"Why can't we just give them baloney sandwiches?" said a Justice of the Peace to no one in particular, as he looked at the jail's food budget at a recent meeting.
"The state can't shut down our jail, as long as we're trying to build a new one," said one citizen.
"Even if we could build it, I don't see how we can afford to staff and operate it," was the opinion of another citizen.
If you are among Fulton County residents grumbling about the plan to build a $2 million jail, I feel your pain.
In a county with a lot of needs, I can think of a long list of things that should come before an expensive new jail.
But, after sitting through meetings and looking into the issue, I have to agree with County Judge Charles Willett and Sheriff Buck Foley, when they say, "We can't afford NOT to build a jail."
The truth is, a new jail should have been built years ago, and the cost would have been a whole lot cheaper.
State inspectors started pointing out as far as 20-years back that the Fulton County Jail is too small, too old and too dangerous to remain in operation in the modern age.
After years of watching the county ignore the jail issue, it appears state regulators are out of patience and unwilling to keep looking the other way.
Even if the jail is clean and well run, it will never meet standards all jails must meet to protect inmates and the public.
Our jail, with beds for seven male inmates, is located in a basement, a constant threat to inmate safety, if there is a fire or other emergency.
Since there is no area for visitation, inmates and their visitors sit in the tiny jail "lobby," a couple of feet from an unlocked door. The possibility of an escape attempt is a threat to the public safety.
|The list of shortcomings goes on and on.|
Three state inspectors who arrived Oct. 20 did not linger in the jail. I am told they just made it clear that everywhere they looked standards other counties have to meet are not being met here.
Bottom line from the state: unless the current plan to build a jail is approved and construction of a 24-bed jail is finalized, the current jail will be ordered closed.
|Sheriff Foley has crunched the numbers and, if the jail is closed and all inmates have to be housed in other county jails, the county's budget problems will triple overnight.||That is because it costs $45 a day to house a male inmate elsewhere, and $65 a day for a female prisoner.|
Take about 400 local inmates a year, who will spend a total of about 2,200 days behind another county's bars over a year's time. Add in $30 each time a Deputy drives a patrol car to deliver or pick up inmates from the neighboring jail. According to the Sheriff, the total will be will over $200,000 year.
Quorum Court, which just spent three and a half hours trying to cut $100,000 to balance next year's budget, will tell you we don't have $200,000 laying around for anything, much less housing prisoners in other jails.
When forced to build new jails, most counties propose a tax increase to pay for it.
Fulton County's plan does NOT involve a tax increase. County officials want voters to approve using a portion of an EXISTING tax to meet jail bond payments.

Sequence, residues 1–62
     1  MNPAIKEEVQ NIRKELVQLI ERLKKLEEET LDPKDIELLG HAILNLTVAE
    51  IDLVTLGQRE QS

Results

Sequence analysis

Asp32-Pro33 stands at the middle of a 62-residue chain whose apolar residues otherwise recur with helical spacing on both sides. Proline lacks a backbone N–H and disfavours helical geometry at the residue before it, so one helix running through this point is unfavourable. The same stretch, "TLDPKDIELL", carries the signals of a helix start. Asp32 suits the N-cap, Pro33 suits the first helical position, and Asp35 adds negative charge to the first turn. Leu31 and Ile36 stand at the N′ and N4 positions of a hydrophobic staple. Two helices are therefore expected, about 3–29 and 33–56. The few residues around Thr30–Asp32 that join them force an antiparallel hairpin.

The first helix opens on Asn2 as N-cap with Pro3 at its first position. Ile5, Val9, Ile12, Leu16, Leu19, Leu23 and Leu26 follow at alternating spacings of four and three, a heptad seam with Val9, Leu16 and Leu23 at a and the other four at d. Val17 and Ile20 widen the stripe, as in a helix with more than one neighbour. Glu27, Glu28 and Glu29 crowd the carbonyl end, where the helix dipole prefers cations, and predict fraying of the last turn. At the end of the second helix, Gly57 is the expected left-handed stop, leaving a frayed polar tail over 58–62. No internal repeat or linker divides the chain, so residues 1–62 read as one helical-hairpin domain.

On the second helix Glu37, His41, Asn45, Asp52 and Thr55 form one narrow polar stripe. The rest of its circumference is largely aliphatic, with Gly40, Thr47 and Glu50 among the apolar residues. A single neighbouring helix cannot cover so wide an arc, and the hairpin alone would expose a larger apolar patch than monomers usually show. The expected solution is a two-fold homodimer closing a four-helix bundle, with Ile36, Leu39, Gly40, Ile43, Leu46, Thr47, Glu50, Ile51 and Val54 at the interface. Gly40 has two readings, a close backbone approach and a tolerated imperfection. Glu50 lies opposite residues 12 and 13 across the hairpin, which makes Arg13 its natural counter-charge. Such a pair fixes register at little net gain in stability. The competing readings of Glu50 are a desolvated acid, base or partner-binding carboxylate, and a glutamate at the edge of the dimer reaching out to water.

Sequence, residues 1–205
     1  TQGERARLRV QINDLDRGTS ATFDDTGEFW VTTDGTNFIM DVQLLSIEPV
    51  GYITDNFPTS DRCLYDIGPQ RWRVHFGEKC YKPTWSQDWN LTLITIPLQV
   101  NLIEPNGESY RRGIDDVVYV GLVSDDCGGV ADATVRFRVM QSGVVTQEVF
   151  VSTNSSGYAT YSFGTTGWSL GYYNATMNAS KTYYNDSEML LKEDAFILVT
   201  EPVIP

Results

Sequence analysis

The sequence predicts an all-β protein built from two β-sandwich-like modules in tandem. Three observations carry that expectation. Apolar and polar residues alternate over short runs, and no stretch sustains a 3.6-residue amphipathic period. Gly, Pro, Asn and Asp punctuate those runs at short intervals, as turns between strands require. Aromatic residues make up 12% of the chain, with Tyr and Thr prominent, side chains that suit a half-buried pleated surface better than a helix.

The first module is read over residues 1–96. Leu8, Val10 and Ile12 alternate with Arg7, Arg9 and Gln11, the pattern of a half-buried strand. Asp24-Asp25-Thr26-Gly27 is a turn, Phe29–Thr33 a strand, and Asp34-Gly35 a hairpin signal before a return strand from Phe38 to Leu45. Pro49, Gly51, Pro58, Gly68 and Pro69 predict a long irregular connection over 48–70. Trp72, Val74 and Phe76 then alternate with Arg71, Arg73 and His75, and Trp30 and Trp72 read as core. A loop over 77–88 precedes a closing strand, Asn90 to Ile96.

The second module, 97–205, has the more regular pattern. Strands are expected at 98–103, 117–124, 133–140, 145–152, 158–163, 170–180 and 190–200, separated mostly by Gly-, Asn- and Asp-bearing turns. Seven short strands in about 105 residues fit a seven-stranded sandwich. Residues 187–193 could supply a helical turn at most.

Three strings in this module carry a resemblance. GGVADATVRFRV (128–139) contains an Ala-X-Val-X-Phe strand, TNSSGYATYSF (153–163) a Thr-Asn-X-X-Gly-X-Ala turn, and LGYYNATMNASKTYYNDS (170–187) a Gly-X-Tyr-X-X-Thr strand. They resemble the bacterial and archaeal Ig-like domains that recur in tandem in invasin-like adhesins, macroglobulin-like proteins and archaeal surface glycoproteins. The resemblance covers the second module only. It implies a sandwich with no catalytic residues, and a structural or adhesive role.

Revenue from a one cent sales tax, which was approved in 1989, is currently divided between the county general fund, the road fund and cities in the county.
If voters give their approval at a Nov. 8 election, 17.5 percent of the monthly sales tax revenue will be taken off the top to pay a jail construction payment of about $7,000. The general fund, road fund and cities will still receive their share of the sales tax revenue that remains.
One citizen at a recent public meeting about the jail project expressed the opinion that paying $84,000 a year through an existing tax is a better deal than spending more than $200,000 a year to house prisoners in other jails, if our jail is ordered closed.
It is true sales tax revenue has been down this year and no one knows when it will turn around. But the current reduced income is sufficient to meet the jail payment.
While county officials say they can run the larger, new jail with the current jail staff and budget, there could be additional operational costs. It seems everything always goes up.
Another question is, is the $2.1 million dollar cost estimate realistic? We won't know until bids come in but, if voters turn down the jail finance plan, the cost will automatically go up $300,000. That is because time to use a $300,000 federal stimulus grant approved for jail construction is running out. It is about to be taken away.
While there are always unknowns, it is time to face the facts.
Like it or not, Fulton County has needed a larger, modern jail for years, to meet state and federal requirements that inmates receive a certain level of care. While no one wants to coddle prisoners, if we are going to operate a jail, certain standards must be met.
Fulton County also needs a larger jail to meet public protection needs, now and in the future. We are already paying to house inmates in other jails, because we often have more than seven prisoners in custody, and every woman inmate has to be shipped out. A new jail should stop the flow of money we currently give to other jails, and we may be able to make some money by housing inmates from other jails with overcrowding problems.
The Fulton County Jail will include space to allow the Sheriff's Department to meet professional standards, and do a better job of fighting crime and protecting the public, which is another big need.
After all these years, there is finally a plan to finance a new jail without a tax increase.
So, I say vote "Yes" to using a portion of an EXISTING sales tax to pay for a new jail.
If you are planning to vote "No," what is your plan to deal with the problem?
Continuing to do nothing is no longer an option. Continuing to do nothing is going to cost the county $200,000+ a year it doesn't have, to house our inmates elsewhere.